The premise of Dzogchen is that we already have this jewel and don’t realize it. It is our own inherent goodness. Goodness is the wish-fulfilling jewel. Wherever there is goodness there is joy and happiness, wherever it is obscured or lacking there is no happiness, and wherever it is tenuous and partial, happiness is only tenuous and partial.
This is the logic of the Mahayana and Dzogchen practices. In the Mahayana pure land practice we are given a way to drive all our desires into one desire – the desire for rebirth in the pure land of the buddhas. In Dzogchen we desire simply to experience completeness of intrinsic awareness itself. These are not different desires.
In the world of finite or partial realities, the notion that a practice of just calling on the name of Amitabha would open up the door of paradise is a completely absurd notion. But in the world of complete reality – where the infinite has sway – it makes perfect sense. It is a transcendental sort of sense to be sure, one that requires a certain faith in the unseen, the invisible, the nonlinear, and the non-finite.
It is the Mahayana view that no one ever becomes so closed, so jaded, so hopeless that they lose the spark of the infinite altogether. Buddha nature is present in everyone, even if obscured by eons of obscurations. At any moment we can turn to the open space of pure awareness that is within us and glimpse the transcendent.
To live the transcendent each moment of our life – that is not so easy, but to glimpse it, that is not too hard. If we start asking ourselves what it is we really want, eventually we will find that our deepest and purest aspiration – our deepest desire is for goodness itself. There is nothing better.
Plotinus, the great ancient philosopher, would never make any statement about ultimate reality other than to say it was good. That is the only description that speaks to the whole of transcendent reality, not to its manifestation in the realm of partialities.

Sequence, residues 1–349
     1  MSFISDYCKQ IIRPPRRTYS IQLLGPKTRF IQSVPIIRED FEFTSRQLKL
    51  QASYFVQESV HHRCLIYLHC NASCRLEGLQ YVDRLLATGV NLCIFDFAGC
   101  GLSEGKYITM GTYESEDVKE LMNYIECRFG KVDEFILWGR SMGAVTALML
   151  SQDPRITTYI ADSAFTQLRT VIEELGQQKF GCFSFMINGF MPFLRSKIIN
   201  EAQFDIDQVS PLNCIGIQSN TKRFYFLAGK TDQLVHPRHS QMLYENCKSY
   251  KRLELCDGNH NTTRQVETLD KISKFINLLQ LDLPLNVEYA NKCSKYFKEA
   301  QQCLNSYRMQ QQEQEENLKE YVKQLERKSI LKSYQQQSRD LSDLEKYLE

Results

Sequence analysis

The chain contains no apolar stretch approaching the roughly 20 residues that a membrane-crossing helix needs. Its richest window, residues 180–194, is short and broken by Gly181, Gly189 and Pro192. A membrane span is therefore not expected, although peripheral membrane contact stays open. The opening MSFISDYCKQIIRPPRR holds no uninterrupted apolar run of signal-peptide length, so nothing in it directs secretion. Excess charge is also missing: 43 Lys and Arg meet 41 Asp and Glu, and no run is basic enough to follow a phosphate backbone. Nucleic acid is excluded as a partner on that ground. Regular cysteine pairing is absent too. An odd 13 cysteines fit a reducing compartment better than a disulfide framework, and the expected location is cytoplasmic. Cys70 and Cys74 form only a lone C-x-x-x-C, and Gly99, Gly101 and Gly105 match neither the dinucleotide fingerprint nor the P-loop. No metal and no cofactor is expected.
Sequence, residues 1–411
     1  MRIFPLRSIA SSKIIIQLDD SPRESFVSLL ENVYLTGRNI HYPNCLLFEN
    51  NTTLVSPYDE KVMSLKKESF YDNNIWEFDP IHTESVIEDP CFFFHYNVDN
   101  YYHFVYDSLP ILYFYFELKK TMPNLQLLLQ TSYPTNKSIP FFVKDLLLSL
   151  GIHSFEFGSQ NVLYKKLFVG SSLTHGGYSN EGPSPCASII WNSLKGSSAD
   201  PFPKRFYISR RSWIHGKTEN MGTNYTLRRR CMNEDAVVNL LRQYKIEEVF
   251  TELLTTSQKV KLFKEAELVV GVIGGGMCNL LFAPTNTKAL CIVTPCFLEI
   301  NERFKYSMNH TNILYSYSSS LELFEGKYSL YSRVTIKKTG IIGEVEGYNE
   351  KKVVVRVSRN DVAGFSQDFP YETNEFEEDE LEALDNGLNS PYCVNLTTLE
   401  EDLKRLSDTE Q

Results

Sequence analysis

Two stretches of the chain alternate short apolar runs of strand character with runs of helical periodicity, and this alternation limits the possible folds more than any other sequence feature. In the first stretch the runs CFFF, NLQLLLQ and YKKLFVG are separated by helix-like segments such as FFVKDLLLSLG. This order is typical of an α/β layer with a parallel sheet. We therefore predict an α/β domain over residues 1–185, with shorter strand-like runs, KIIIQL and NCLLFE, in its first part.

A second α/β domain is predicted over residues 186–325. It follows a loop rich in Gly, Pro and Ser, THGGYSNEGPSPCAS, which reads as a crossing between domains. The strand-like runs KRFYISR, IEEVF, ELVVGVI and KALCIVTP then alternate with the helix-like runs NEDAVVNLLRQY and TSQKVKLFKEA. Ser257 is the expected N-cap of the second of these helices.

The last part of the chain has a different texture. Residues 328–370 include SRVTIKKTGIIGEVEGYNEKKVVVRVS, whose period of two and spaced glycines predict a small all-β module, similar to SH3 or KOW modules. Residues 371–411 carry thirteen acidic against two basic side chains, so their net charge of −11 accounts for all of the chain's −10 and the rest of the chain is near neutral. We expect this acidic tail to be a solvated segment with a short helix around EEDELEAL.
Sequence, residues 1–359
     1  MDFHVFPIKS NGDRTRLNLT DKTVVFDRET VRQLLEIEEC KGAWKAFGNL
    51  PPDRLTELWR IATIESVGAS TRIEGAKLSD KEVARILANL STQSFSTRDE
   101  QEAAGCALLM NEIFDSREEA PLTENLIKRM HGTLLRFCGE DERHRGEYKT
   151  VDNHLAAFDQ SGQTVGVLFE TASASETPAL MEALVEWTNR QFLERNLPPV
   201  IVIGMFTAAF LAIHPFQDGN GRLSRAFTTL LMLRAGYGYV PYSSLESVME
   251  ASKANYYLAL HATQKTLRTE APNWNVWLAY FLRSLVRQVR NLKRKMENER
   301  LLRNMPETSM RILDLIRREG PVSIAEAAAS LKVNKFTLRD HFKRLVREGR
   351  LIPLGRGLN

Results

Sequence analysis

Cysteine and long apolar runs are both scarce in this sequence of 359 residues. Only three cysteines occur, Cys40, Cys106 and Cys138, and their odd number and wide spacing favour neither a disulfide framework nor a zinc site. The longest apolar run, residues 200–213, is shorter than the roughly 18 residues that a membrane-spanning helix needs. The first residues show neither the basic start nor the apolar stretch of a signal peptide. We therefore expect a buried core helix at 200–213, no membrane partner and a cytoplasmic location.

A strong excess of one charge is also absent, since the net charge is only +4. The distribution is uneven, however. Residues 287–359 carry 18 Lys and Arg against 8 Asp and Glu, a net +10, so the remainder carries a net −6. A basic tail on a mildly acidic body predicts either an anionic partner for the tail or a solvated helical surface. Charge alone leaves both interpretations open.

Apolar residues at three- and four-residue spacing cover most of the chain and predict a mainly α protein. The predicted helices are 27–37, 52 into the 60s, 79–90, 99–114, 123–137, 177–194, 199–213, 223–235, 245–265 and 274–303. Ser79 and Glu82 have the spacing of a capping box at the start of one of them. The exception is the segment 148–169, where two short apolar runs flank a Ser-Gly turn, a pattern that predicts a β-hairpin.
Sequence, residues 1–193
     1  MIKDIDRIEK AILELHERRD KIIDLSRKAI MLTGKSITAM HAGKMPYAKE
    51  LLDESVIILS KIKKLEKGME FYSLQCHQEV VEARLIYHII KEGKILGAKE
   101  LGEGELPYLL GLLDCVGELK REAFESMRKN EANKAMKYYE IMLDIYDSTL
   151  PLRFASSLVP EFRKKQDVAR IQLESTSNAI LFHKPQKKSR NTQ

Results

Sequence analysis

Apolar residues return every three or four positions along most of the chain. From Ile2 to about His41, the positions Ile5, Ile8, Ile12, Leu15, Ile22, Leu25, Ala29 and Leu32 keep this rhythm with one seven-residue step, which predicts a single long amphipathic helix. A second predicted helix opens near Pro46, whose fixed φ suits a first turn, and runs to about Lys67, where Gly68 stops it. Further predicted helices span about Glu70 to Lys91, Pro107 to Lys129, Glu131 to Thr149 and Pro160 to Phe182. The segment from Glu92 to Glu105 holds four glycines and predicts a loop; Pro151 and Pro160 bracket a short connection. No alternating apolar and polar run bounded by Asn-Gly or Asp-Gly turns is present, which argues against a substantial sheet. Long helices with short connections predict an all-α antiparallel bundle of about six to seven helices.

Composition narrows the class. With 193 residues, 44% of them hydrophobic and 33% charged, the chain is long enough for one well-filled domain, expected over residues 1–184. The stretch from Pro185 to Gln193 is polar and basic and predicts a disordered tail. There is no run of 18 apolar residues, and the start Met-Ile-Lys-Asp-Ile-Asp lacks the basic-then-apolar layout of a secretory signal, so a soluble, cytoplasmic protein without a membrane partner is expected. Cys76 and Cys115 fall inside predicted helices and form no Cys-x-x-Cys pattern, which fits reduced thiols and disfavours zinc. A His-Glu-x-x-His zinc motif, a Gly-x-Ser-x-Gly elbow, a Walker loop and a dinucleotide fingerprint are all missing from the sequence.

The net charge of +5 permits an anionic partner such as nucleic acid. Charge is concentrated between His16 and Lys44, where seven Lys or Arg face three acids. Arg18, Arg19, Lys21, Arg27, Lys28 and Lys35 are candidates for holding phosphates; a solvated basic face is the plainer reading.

Goodness makes every other desire desirable. And even more remarkable — just by uncovering that one desire, voicing that one desire, we set into motion the inevitable fulfillment of that desire. If we desire goodness, we will find goodness. If we desire to become Buddha, we will become Buddha. That is the force of aspiration. When we sift through all the partialities of our being, when we lay the competing claims for our attention to rest, and get down to the essential, then our faith comes alive, and we touch the heart of goodness that has been present, everywhere since the beginning of time.
Goodness is not something we can take to the bank and convert into cash. It has no physical substance. Who has ever seen goodness? Actuality, we all have seen goodness. We have felt it and know that it is real. Invisible, yet real. In its reality it has the three dimensions we mentioned before: there is finite goodness, infinite goodness and there is a narrative dimension to goodness. Mahayana and Dzogchen are just that – narratives of goodness.
The goodness that stills desire, the goodness that enlightens us is not finite goodness or narrative goodness, but infinite goodness. When we think of the buddhas, and say the mantras of the buddhas, if in that moment we are happy it is because we are touching goodness in all its dimensions. There is infinite goodness in the buddhas and in their mantras. That is why when you think of them or say their names there is a little jump in your heart. Invisible, yet real. That is what the infinite is like.